Quantum simulations with long-range interactions
Experimental observation of a dipolar supersolid. Typical momentum distribution of the atomic cloud for different evolution times in three regimes: BEC (top row), supersolid (middle row), and incoherent regime (bottom row).
In a supersolid, the axial breathing mode bifurcates: the higher frequency reflects the oscillation of the periodicity of the emergent lattice, the lower one is associated with the superfluid flow between different density maxima.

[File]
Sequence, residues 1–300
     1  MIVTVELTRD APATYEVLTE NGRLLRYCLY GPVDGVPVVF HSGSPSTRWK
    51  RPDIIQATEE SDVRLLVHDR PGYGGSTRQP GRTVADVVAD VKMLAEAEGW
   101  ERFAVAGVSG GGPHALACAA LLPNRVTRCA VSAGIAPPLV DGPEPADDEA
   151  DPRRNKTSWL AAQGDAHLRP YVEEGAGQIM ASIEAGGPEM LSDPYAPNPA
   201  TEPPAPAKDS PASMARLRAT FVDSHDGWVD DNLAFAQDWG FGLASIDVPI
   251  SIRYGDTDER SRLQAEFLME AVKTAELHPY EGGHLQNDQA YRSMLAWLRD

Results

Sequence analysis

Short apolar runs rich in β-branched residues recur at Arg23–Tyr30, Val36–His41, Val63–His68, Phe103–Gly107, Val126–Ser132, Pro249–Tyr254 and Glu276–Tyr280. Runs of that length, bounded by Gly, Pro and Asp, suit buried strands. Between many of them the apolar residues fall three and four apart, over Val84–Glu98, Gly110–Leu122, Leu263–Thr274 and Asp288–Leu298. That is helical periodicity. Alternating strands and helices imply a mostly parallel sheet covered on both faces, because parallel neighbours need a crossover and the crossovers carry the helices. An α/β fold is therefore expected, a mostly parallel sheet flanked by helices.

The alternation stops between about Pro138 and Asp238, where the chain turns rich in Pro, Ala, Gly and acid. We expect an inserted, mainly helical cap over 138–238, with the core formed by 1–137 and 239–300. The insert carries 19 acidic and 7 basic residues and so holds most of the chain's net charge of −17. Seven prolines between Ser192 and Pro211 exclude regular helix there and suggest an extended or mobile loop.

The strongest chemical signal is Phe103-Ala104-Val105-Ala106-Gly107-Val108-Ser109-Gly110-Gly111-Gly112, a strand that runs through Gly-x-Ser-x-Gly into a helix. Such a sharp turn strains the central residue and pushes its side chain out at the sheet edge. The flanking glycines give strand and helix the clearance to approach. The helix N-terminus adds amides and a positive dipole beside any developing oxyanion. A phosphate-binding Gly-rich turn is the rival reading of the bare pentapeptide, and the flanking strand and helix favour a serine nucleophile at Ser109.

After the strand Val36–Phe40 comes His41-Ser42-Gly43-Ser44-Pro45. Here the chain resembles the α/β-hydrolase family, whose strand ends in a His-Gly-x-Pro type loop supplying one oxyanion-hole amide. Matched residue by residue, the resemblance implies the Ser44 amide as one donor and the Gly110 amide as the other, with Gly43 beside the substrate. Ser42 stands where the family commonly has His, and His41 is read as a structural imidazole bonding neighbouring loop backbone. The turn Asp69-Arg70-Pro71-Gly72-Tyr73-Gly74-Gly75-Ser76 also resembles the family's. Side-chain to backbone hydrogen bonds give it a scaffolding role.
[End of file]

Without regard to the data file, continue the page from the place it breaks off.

We use a quantum degenerate gas of dysprosium atoms, produced with laser cooling and evaporative techniques, to study quantum phase transitions to exotic states of matter and implement quantum simulations. The peculiar properties of Dy atoms, with their strong long-range interactions due to the extraordinarily large magnetic dipole moments, brought us to identify the long-sought “supersolid” state of matter, where a periodic density modulation and phase coherence can somehow coexist (Fig. 1). Our studies of the response of the supersolid to collective excitations and rotations have confirmed its peculiar double superfluid/solid nature (Fig. 2). We are now moving towards the study of two-dimensional supersolids, where rotational properties become even more apparent, and to the production of Dy dimers in an optical lattice, where the stronger interaction among molecules allows the implementation of quantum simulation schemes.